Jewish Congregation of New Paltz holds annual Hanukkah celebration

The last night of Hanukkah at the Jewish Congregation of New Paltz Community Center. (Photos by Lauren Thomas)

The Hanukkah festivities held Sunday, December 9 at the Jewish Congregation of New Paltz Community Center officially began with the ceremonial lighting of some two dozen menorahs. Families brought their personal nine-branched candelabrum from home for the community candle lighting and a large silver menorah belonging to the congregation was lit by Rabbi Bill Strongin at the same time, just after sundown. The gathering this year took place on the seventh night of the eight-day “festival of lights.”

A singalong by the congregation’s Chai Notes followed, led by the resonant voice of Rabbi Bill. Most of the attendees joined in enthusiastically on selections that ranged from traditional to the comic “Eight Days of Hanukkah,” with the well-known countdown lyrics converted to symbols of Hanukkah such as bags of gelt and fried latkes.

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Steve Greenfield, Jeff Goldman and Alan Krause serve up homemade latkes at the Jewish Congregation of New Paltz Community Center’s annual Hanukkah.

Speaking of latkes, the singalong ended with the presentation of latkes made by the “Famous Latke-teers,” volunteers from the congregation who every year get together on the afternoon of the Hanukkah celebration to make massive quantities of the tasty fried potato cakes in the community center’s industrial-sized kitchen. Latkes are a tradition at Hanukkah, because the oil that they are fried in symbolizes the miracle of Hanukkah, when a menorah that was lit with a small amount of oil that should have only lasted a day burned for eight days as the Maccabees rededicated their defiled holy temple in Jerusalem after their victory over the Syrian-Greeks.

The latkes, accompanied by sour cream and apple sauce to top them off, were arranged on platters amidst a vegetarian community potluck of dishes brought from home by those present. The gathering was as convivial as always, a lively buzz of conversations between adults while kids preferred to “eat and run,” at least to the back of the room where various games and craft activities were set up. And while the event is a celebration of the Jewish faith, everyone in the community is always welcome to attend. The lobby held a Judaica Shop that was open for gift purchasing, with a wide variety of menorahs, books, candles and other related items for sale.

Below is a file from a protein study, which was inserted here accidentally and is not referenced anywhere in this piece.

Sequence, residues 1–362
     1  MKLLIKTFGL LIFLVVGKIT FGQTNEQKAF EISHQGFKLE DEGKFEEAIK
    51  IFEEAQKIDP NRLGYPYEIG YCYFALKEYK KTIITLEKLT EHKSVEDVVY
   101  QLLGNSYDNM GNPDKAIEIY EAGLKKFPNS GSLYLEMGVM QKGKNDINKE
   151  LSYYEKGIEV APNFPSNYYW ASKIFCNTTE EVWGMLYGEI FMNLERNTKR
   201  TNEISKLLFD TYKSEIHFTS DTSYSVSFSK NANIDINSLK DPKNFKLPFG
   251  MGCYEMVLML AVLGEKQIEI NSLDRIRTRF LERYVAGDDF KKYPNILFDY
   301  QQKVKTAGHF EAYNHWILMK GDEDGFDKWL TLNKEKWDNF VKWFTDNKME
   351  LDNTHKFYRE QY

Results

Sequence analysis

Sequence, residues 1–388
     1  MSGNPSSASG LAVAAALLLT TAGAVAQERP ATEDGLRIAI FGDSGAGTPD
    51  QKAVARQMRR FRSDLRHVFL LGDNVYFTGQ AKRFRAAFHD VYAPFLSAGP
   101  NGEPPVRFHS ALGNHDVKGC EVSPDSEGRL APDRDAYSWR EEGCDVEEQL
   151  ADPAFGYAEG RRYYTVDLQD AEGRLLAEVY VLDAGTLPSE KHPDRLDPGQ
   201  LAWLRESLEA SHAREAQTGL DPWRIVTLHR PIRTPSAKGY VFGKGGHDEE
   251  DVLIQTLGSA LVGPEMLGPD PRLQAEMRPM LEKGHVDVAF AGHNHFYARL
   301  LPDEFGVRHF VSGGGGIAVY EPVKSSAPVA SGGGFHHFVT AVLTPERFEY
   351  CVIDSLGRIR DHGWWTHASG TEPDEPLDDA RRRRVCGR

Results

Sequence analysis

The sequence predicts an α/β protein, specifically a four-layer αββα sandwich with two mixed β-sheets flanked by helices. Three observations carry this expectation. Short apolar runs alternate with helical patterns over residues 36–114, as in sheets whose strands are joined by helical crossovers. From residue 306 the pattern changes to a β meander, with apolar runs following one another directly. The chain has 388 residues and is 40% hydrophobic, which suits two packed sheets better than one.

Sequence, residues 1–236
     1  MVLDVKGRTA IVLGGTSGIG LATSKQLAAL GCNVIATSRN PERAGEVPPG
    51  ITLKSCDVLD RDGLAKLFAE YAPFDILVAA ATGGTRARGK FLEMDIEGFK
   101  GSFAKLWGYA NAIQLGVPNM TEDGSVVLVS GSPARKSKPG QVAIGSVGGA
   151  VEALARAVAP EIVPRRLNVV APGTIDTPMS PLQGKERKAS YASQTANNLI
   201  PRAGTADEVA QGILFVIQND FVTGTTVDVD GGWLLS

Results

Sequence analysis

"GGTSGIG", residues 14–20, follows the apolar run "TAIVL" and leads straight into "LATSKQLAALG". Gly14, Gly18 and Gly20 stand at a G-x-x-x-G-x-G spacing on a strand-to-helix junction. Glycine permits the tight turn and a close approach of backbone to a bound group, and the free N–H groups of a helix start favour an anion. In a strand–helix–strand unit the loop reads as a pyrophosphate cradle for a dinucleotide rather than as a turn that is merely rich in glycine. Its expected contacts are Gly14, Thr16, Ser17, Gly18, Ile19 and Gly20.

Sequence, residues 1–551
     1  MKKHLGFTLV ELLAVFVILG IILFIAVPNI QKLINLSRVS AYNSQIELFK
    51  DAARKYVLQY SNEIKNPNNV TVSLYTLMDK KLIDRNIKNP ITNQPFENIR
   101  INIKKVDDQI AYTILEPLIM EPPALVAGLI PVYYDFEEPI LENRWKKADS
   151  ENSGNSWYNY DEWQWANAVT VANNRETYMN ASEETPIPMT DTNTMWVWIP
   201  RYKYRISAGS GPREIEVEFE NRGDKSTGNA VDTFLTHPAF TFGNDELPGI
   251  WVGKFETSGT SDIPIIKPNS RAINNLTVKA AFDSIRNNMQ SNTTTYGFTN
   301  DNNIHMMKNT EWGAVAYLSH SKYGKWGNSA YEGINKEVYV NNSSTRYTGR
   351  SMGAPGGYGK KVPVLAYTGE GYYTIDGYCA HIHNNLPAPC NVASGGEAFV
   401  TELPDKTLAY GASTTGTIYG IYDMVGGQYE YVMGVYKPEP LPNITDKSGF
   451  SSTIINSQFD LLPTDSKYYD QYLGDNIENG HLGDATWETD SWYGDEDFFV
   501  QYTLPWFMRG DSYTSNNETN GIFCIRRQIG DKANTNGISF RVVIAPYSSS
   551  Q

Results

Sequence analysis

The Jewish Congregation of New Paltz, or Kehillat Ahavat Achim, was founded in 1964 and affiliated with the Reconstructionist Movement in 1984, which is also the year Rabbi William M. Strongin became spiritual leader in New Paltz. (He has — so far — officiated at two weddings for children of members that he named as babies more than 30 years ago.) Rabbi Bill describes his relationship to the congregation as essentially “a marriage in which rabbi and congregation face all joys and sorrows together.”

The congregation is an egalitarian one, open to all Jews including single people, families, LGBTQ, interracial, interfaith couples or interfaith families and committed to maintaining respect for other faiths. Regular Shabbat services are generally held on Friday evenings at 6 p.m. at the shul at 8 Church Street. There is a Hebrew school for children focusing on developing a strong Jewish identity through a curriculum of rigorous content in a warm, nurturing environment, and regular educational and recreational programs for adults. For more information, visit https://www.jewishcongregationofnewpaltz.org/new-home.

Rabbi William Strongin joins along in the Hanukkah songs sung at this year’s annual celebration at theJewish Congregation of New Paltz Community Center.

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